FIFA boss Gianni Infantino distances himself from European Premier League talk

Gianni Infantino file photo
(Image credit: Nick Potts)

FIFA president Gianni Infantino says he is not interested in a European Premier League.

Reports emerged regarding a breakaway competition earlier this week when it was claimed American investment bank JP Morgan was prepared to provide financing to get the league off the ground to the tune of £4.6billion, and that the project had FIFA’s backing.

However, Infantino told Swiss media outlets on Thursday that the revamped Club World Cup was his focus.

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“As FIFA president, I’m interested in the Club World Cup, not the Super League,” said Infantino.

“For me, it’s not about Bayern Munich against Liverpool, but Bayern against Boca Juniors.”

The first edition of the new-look Club World Cup had been due to take place in China next summer before it was indefinitely postponed due to the knock-on effect of the coronavirus pandemic.

Infantino added: “Liverpool have 180 million fans worldwide. Flamengo have 40 million fans and 39 million of them are in Brazil. Liverpool have maybe five million fans in England and 175 million fans around the world.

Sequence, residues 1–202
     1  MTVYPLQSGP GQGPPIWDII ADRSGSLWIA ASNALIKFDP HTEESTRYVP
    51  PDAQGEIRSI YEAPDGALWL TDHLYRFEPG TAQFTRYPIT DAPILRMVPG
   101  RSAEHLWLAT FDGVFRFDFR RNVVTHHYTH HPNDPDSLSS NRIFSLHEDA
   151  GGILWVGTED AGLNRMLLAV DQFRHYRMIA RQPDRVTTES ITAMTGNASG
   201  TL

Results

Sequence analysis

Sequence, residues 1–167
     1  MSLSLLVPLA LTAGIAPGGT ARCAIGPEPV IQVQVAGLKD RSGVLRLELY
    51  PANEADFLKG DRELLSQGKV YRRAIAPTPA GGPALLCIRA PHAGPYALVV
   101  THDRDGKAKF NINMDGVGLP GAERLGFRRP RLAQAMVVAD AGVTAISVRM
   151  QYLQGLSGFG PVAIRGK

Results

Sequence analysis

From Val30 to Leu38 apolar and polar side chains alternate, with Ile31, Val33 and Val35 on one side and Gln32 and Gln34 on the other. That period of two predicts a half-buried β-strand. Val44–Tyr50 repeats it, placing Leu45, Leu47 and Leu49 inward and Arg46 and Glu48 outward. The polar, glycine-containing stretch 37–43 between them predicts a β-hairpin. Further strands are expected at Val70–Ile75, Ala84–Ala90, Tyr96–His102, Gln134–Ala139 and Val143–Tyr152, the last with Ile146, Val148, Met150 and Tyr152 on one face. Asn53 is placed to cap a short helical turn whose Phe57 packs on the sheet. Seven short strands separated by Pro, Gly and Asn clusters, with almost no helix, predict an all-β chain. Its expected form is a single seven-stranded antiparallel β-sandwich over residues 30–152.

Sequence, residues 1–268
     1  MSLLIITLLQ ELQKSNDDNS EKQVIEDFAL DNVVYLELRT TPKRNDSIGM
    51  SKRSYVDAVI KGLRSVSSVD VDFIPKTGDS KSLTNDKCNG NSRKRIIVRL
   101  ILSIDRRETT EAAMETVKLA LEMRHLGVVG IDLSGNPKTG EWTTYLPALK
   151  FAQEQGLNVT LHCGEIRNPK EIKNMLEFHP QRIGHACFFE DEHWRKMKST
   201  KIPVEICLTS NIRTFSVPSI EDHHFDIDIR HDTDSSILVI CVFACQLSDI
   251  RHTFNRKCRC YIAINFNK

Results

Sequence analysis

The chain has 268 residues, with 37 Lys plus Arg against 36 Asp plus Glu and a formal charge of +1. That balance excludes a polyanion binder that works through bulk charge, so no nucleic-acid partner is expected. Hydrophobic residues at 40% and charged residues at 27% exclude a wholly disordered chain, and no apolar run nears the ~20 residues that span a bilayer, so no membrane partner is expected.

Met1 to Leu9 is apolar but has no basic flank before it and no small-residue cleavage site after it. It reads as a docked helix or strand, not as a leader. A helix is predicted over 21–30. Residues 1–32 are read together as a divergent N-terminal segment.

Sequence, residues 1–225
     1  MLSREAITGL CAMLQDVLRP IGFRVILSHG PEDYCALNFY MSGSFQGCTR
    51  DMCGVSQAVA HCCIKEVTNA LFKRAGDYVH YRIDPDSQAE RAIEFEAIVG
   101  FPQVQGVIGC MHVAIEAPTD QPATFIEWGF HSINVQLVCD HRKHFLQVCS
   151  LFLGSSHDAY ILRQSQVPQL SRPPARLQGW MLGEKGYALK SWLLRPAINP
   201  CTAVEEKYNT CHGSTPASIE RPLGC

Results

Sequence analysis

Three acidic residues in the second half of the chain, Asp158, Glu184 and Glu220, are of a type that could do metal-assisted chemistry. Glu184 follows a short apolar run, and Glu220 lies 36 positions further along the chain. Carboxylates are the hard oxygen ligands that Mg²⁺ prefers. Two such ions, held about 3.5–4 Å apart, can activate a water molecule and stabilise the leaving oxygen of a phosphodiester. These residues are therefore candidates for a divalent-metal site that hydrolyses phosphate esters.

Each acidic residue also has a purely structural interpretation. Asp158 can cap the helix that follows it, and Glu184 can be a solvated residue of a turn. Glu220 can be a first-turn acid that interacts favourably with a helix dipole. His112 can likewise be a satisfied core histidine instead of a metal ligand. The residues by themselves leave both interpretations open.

“I want clubs from outside Europe to have global appeal in the future. That’s my vision: to have 50 clubs and 50 national teams who can become world champions.”

UEFA has expressed its strong opposition to the proposed competition, which is reportedly backed by Real Madrid president Florentino Perez.

Real Madrid president Florentino Perez was reported to be backing the new competition

Real Madrid president Florentino Perez was reported to be backing the new competition (Tim Goode/PA)

European football’s governing body said any such Super League would “inevitably become boring”.

The reports emerged as negotiations continue between clubs, leagues, national associations and UEFA over the future shape of European club competition from 2024.

Manchester United were reported to be one of the clubs in talks over the new breakaway league, but their executive vice-chairman Ed Woodward denied it on a call to investors on Wednesday.

“I saw the reports on that and candidly don’t know where that story came from, but there isn’t really anything for us to say,” he said.

“We are engaged on a very regular basis through my role with the ECA (European Club Association) and UEFA with those two entities, talking about potential changes to the Champions League from 2024 onwards.

“You might have read a story about whether the Champions League may go to 36 teams. They’re the conversations that we’re actively involved in so I can’t comment on your question.”

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